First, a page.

If you've never heard of a GPS immobilizer, chances are you've never leased a car on bad credit.
Bury, Que., resident Daniel Lallier did just that in May, and ended up having his car remotely immobilized by the dealer over an extra $200 fee that, it turned out, was likely illegal.
George Iny, president of the Automobile Protection Association, said it's a situation that most car buyers may never face, but it's far from unique.
"If you're in the mainstream of auto financing, you will never see an immobilizer on your vehicle," he told CBC News.
Dealers use the GPS tracking device to immobilize a car remotely as an alternative to more traditional forms of repossession, like having a tow-truck show up and haul a car away.
Iny said the devices are used in cases of sub-prime borrowing, which he defined as cases of "questionable credit" or someone "who bought more vehicle than you need or than you should be driving."
These borrowers are usually lent money at interest rates ranging from 15 to 29 per cent, Iny said.
"In those cases, there are lenders that use the devices because they are very effective at keeping people on time with their payments," he said.
30-day notice required
Though his association does not oppose the device, Iny warned they can be abused and there are laws in place to regulate their use.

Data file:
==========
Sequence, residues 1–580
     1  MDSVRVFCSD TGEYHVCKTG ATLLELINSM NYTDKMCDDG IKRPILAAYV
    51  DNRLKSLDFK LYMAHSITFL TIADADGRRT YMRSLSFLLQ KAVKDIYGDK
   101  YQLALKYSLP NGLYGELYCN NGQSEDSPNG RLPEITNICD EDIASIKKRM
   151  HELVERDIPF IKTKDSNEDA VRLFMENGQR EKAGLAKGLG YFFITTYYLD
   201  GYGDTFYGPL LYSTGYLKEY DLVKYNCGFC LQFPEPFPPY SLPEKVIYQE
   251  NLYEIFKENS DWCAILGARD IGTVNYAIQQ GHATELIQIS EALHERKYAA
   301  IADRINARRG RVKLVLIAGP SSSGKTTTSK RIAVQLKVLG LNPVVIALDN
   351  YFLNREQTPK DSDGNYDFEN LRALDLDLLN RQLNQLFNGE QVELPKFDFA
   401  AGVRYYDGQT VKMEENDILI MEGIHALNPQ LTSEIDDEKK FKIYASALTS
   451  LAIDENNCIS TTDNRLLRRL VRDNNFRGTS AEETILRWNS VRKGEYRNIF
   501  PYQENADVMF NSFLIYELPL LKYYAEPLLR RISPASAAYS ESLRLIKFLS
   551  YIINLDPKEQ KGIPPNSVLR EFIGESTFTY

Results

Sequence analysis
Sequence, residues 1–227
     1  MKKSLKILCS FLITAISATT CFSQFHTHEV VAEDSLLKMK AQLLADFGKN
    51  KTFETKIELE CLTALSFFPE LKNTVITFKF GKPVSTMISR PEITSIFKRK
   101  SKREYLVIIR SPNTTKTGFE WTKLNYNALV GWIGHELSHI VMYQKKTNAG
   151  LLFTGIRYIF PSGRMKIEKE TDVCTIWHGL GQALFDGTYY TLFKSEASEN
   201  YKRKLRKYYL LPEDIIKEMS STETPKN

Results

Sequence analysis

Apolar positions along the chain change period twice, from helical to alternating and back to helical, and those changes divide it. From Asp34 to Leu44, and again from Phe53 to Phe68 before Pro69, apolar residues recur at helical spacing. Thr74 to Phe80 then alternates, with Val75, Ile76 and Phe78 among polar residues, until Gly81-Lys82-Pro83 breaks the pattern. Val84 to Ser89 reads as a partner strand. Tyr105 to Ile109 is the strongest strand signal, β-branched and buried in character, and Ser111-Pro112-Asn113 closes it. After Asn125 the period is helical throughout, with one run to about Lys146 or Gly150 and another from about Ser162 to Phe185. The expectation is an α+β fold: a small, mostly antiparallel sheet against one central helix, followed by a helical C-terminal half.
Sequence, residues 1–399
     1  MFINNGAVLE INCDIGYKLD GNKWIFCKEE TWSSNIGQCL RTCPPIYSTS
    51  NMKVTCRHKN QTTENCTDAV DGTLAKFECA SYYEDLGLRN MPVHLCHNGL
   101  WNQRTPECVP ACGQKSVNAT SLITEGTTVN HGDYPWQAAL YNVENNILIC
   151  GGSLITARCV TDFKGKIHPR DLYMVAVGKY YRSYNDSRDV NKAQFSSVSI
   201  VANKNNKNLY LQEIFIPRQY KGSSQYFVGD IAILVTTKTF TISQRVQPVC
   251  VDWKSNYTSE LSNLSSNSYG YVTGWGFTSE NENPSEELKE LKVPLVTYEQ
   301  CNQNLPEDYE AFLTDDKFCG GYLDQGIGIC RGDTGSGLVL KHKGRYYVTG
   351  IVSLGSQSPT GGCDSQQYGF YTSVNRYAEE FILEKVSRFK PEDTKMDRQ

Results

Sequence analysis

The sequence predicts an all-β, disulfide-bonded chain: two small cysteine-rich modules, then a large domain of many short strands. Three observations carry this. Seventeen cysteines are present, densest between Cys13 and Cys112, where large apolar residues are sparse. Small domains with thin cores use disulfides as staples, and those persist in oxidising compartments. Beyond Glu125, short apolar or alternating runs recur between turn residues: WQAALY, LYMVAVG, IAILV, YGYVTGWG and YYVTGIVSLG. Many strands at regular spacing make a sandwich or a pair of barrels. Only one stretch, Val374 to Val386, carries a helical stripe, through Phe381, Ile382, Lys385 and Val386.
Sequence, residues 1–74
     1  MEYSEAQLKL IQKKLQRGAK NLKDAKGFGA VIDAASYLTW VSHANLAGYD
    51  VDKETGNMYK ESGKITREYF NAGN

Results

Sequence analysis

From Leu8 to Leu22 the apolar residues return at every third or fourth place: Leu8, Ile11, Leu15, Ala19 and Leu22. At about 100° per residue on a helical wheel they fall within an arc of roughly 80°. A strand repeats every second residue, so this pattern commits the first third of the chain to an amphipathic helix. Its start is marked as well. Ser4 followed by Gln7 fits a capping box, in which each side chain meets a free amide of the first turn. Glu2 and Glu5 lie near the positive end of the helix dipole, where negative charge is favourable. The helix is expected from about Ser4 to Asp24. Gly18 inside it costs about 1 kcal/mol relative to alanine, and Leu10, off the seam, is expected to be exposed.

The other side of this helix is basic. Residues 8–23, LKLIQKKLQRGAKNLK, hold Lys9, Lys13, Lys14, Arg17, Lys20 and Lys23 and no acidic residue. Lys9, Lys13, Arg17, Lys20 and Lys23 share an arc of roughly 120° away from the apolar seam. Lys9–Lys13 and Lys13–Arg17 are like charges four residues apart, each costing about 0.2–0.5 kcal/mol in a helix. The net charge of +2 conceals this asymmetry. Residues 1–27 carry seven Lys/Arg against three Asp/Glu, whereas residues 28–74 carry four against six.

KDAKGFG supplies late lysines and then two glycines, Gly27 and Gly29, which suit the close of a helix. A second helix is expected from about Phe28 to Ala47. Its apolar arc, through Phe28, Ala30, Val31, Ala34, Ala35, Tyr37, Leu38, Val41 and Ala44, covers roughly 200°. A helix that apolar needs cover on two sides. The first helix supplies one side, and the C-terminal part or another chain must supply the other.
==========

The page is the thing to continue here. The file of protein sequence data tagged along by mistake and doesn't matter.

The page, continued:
"In most provinces, that's a 30-day notice before you repossess," he said.
This is also the case in Quebec, where a lender cannot arbitrarily use the device to immobilize a vehicle.
But, as Iny explains, there might be another reason why the devices are gaining in popularity with some dealers.
"It's a profit centre for the lender. It's not actually just a device that they use to make sure that they're going to get their payments."
In Lallier's case, his dealer tried to charge him $200 to remove the device from his car, a fee that was not in their original contract and one Lallier refused to pay.
Such charges, Iny said, should be included in the interest rate for the vehicle.
"Many people who have immobilizers are paying a monthly charge … and some of them are paying a disconnection charge," he said. "Our sense is that's just not fair, and possibly illegal."
Beware of added fees
Iny said it's important consumers to be well-informed before signing any contract in order to avoid illegitimate fees.
"One of the concerns we're seeing more now, and it's not just the sub-prime, is dealers adding administration or other charges; setup fees to write the deal. These are on top of the advertised price for the vehicle, and they're prohibited in Quebec," he said.
"We've actually asked the Consumer Protection Office to intervene. Now they need cases. So if someone out there came in on an ad, and was charged extra above the ad price for admin, documentation fee, paperwork, we need to hear from you."
Iny said such setup fees appear on contracts written in French as "frais de mise en place."